posted by tayknight at 9:01 AM on June 25, 2013

There are also cell towers disguised as cacti.
posted by qxntpqbbbqxl at 9:01 AM on June 25, 2013 [1 favorite]

An interesting one I saw a couple of days ago. It looks just like a residential two-story brick building, except for the barb wire fence and the industrial loading dock and a bunch of equipment that just didn't fit in the building.
posted by smackfu at 9:10 AM on June 25, 2013

There's some sort of electric equipment behind this facade in Nashville.
posted by ghharr at 9:56 AM on June 25, 2013

In Ontario, it's very common for electrical substations to be disguised as a house in residential areas. Some examples in Toronto. A few more (Previously on MeFi).
posted by bonehead at 10:23 AM on June 25, 2013 [1 favorite]

One of the cell phone companies wanted to put a tower at Mount Vernon Estate. The trustees agreed to allow it, as long as it didn't stand out. So it's disguised as a pine tree.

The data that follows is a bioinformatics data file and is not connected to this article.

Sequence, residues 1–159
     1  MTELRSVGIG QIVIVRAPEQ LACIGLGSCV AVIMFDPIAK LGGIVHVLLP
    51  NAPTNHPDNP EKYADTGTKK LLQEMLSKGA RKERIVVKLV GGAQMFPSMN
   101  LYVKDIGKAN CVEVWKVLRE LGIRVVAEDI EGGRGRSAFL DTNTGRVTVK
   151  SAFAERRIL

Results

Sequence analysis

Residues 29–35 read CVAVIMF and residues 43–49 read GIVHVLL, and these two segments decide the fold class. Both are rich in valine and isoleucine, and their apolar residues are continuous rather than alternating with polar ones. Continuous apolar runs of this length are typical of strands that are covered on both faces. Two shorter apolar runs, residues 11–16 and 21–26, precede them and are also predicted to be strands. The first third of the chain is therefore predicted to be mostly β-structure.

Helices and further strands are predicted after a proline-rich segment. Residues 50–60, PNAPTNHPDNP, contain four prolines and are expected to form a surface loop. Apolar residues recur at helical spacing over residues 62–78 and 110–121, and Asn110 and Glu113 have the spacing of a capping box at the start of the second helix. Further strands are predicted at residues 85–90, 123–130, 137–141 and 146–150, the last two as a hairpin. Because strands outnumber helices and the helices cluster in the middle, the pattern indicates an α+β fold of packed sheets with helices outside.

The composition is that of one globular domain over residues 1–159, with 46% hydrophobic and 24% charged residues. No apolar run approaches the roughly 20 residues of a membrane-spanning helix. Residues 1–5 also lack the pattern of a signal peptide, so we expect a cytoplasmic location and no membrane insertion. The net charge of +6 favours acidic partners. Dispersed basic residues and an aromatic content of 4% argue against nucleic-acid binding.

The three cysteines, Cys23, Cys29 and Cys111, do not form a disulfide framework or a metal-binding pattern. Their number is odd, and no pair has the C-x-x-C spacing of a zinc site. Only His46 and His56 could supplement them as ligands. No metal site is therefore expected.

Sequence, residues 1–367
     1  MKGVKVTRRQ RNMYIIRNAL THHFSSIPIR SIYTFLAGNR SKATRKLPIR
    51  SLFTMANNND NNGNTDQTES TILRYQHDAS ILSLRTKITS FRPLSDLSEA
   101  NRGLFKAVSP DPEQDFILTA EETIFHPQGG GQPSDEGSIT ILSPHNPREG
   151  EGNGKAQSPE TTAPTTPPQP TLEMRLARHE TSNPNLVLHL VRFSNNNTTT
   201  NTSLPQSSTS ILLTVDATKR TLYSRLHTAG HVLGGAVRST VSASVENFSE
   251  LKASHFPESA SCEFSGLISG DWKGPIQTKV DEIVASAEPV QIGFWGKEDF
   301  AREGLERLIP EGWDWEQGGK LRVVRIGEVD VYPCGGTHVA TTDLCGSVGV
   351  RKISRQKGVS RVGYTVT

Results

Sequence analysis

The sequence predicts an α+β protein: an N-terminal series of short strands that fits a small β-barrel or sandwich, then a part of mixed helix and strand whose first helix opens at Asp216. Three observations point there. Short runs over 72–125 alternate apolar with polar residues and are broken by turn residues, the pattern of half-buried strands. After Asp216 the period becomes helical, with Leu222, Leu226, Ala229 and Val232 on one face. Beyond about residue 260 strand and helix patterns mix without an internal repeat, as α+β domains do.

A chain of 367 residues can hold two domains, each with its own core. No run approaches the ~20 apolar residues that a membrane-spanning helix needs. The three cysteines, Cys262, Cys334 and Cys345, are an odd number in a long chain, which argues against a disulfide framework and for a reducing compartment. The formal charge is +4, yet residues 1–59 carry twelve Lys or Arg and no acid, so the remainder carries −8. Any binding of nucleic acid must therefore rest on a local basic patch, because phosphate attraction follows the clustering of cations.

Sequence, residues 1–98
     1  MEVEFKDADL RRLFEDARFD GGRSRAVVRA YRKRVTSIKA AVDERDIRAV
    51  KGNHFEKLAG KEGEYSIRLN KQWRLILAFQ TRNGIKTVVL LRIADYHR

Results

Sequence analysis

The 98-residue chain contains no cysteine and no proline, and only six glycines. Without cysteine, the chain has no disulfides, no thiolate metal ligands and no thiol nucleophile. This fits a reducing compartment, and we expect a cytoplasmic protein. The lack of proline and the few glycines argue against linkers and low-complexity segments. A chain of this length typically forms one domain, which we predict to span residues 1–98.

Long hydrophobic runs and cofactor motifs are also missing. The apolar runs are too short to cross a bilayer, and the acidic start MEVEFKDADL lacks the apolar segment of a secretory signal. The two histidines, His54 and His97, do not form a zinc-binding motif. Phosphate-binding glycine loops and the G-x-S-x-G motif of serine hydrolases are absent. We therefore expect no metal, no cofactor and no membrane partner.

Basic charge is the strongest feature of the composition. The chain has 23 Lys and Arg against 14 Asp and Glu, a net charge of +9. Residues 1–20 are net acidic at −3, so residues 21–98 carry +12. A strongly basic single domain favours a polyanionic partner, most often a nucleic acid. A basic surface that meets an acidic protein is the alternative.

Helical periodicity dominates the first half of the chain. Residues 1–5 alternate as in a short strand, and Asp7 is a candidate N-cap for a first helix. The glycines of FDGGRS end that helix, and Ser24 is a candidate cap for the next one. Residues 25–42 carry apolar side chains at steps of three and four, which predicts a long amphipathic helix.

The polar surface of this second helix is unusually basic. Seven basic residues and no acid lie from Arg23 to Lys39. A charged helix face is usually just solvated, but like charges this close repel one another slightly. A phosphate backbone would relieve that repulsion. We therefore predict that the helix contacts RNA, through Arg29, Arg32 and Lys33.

There are a lot of cell towers hidden inside church steeples. And one reason why so many shopping malls have clock towers is that most of them have cell towers hidden inside.
posted by Chocolate Pickle at 11:48 AM on June 25, 2013 [1 favorite]

Here in the Netherlands, architects always tended to go nuts when designing water towers (an image search on the word 'watertoren' will give you some idea of what I mean).
posted by rjs at 12:16 PM on June 25, 2013 [1 favorite]

The Klamath River Radar Station B-71 in Redwood National Park, California, is a rare survivor of a World War II early-warning radar station, the first step toward the more sophisticated and pioneering early-warning radar defense network. Rather than using camouflage materials, the buildings of Radar Station B-71 were constructed to resemble farm buildings to disguise their true purpose. The station consists of three buildings: a power building disguised as a farmhouse, an operations building disguised as a barn and a functional wood frame two-stall privy or outhouse, now a partially collapsed ruin. The two major buildings were constructed for the Army by a private contractor specifically for the early warning aircraft station, and consist of block walls roughly two feet thick covered with wood-framed gable roofs with wood shingle finish.